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There is a huge difference between cosmetic damage that was repaired on a brand new car than a car that has probably been on an accident. Both sucks but the case of the OP is really bad. I would be pissed. On the other hand, I bought a Mercedes CPO for my wife. Someone took a $38k loss for driving the brand new car for 17k miles (that is how much less than MSRP I paid for a 2 year old car. I did a thorough inspection and bought it. So far so good but agree it is a big gamble. I wonder if the OP in possession of a clean CarFax report and the CPO report saying the car was in perfect condition is not enough to sue the dealer. How about the previous owner? Did he/she need to disclose the damage when selling the car?


For those of you thinking you would never buy a used Macan because of stories like this, buying new is no guarantee of not being faced with a similar situation.

Brand new cars are regularly damaged in transit between the factory and the dealer. See noradinc.com for info on the vehicle processing facility VAG uses for cars being delivered to Porsche dealers in the Northeast.

I know someone who used to work there. They have a state of the art body shop because more cars than you would think come off the ships in damaged condition. The vast majority of the time the damage is limited to minor scrapes and dents, and often all that is required is repainting. but that’s not always the case.

And if you think the dealers are told about the damage to the cars they are receiving or that this info appears on CARFAX, you would be wrong. Almost all the time the dealers and eventual owners have no awareness of the damage, and what they don’t know will not hurt them, but there have been exceptions.
 

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There is a huge difference between cosmetic damage that was repaired on a brand new car than a car that has probably been on an accident. Both sucks but the case of the OP is really bad. I would be pissed. On the other hand, I bought a Mercedes CPO for my wife. Someone took a $38k loss for driving the brand new car for 17k miles (that is how much less than MSRP I paid for a 2 year old car. I did a thorough inspection and bought it. So far so good but agree it is a big gamble. I wonder if the OP in possession of a clean CarFax report and the CPO report saying the car was in perfect condition is not enough to sue the dealer. How about the previous owner? Did he/she need to disclose the damage when selling the car?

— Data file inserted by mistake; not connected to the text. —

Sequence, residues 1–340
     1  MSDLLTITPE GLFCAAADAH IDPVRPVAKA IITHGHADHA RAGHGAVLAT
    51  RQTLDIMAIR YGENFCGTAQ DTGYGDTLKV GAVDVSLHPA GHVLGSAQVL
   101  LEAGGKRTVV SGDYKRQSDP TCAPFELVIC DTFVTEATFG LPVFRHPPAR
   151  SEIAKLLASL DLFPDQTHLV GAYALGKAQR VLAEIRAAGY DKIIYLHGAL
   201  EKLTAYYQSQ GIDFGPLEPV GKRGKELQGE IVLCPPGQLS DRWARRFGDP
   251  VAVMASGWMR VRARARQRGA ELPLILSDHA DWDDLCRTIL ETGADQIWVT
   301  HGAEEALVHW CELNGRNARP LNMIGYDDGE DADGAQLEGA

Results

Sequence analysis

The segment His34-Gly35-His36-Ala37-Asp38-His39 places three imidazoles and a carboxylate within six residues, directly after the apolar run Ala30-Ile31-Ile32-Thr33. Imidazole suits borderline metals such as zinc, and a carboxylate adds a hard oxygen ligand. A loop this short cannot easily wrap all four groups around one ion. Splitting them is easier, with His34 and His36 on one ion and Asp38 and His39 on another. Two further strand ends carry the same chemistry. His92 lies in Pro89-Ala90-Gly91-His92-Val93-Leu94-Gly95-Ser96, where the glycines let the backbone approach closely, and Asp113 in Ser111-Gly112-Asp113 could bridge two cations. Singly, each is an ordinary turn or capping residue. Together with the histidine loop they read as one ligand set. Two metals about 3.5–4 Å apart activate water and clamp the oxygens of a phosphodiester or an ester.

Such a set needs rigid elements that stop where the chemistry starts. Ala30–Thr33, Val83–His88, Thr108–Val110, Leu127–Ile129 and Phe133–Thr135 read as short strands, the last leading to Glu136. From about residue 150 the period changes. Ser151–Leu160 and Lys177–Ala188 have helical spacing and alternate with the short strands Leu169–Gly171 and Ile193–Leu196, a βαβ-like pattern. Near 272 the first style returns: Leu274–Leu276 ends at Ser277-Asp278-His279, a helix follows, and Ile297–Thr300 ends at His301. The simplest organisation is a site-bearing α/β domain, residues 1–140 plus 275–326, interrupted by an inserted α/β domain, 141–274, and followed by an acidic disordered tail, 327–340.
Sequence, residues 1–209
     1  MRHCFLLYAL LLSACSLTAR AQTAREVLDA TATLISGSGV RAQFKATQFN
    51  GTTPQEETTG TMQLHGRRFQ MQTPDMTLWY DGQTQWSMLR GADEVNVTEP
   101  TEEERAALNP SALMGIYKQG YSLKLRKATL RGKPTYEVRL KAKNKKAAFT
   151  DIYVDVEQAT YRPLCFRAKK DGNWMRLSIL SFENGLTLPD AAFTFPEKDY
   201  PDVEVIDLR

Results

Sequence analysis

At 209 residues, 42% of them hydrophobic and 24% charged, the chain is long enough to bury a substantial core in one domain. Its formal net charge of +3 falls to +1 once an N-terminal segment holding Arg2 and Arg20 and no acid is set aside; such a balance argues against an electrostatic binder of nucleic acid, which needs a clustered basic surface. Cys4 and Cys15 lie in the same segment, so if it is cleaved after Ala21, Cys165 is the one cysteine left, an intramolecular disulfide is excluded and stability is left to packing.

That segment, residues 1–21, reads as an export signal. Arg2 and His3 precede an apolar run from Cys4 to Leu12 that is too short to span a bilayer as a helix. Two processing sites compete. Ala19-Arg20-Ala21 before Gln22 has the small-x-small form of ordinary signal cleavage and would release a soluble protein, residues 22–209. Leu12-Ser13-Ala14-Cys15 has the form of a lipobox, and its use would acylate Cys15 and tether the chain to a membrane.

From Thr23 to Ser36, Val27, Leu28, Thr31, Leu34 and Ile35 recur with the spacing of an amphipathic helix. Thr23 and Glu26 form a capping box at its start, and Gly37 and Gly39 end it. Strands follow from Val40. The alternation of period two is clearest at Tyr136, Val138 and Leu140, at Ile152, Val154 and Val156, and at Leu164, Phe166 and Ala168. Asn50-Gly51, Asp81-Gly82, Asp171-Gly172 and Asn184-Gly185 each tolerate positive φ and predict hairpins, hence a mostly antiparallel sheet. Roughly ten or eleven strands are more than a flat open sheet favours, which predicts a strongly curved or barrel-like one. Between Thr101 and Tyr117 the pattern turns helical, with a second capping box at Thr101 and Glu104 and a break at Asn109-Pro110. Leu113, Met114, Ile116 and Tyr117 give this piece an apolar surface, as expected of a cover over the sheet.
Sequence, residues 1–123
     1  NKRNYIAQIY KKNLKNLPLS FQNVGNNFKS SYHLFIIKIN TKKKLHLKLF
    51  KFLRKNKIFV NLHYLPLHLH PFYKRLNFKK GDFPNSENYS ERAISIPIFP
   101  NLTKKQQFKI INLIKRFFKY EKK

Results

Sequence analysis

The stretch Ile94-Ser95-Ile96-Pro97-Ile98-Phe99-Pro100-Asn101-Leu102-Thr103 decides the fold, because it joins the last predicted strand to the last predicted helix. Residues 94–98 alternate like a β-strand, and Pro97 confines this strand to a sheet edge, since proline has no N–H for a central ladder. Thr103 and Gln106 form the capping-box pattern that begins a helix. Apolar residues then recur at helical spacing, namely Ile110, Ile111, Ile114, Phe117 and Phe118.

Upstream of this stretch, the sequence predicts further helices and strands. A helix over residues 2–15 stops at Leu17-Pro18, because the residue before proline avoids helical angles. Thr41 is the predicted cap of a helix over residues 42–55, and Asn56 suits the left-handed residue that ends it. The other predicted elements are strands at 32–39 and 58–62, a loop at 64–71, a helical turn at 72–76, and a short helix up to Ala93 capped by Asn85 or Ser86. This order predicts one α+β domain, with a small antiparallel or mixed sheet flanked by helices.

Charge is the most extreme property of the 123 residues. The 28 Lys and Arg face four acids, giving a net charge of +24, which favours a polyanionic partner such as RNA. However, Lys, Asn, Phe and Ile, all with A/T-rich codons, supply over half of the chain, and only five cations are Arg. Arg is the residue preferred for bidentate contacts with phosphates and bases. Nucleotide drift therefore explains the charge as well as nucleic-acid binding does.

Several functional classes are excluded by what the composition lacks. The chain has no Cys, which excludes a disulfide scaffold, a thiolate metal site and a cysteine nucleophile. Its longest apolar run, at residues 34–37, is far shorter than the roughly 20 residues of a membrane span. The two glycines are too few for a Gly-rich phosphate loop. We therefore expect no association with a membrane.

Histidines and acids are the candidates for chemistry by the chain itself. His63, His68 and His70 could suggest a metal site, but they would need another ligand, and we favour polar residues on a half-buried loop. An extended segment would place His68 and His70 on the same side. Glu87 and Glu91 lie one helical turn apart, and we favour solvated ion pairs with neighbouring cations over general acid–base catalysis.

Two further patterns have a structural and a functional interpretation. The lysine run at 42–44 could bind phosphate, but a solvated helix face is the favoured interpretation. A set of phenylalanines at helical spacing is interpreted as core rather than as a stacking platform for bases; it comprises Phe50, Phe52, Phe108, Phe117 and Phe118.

Private owners are under no obligation to disclose anything.

A dealer would need to disclose an accident which appears on CarFax, but if the car's paintwork appears to be in good condition and no other issues are found then they have no reason to ask any further questions. Of course most buyers have little concern if a bumper or fender has been repainted, and discerning buyers need to do their own due diligence.

We still don't know when the OP actually bought the car. He registered for the forum 9 months ago, but says he has only been working to resolve the issue for the past 2 months. Was this an issue 9 months ago? Not saying his claim is any less valid, but it's going to be much more of a challenge if the car was purchased 9 months ago.
 

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Discussion Starter #31
Private owners are under no obligation to disclose anything.

A dealer would need to disclose an accident which appears on CarFax, but if the car's paintwork appears to be in good condition and no other issues are found then they have no reason to ask any further questions. Of course most buyers have little concern if a bumper or fender has been repainted, and discerning buyers need to do their own due diligence.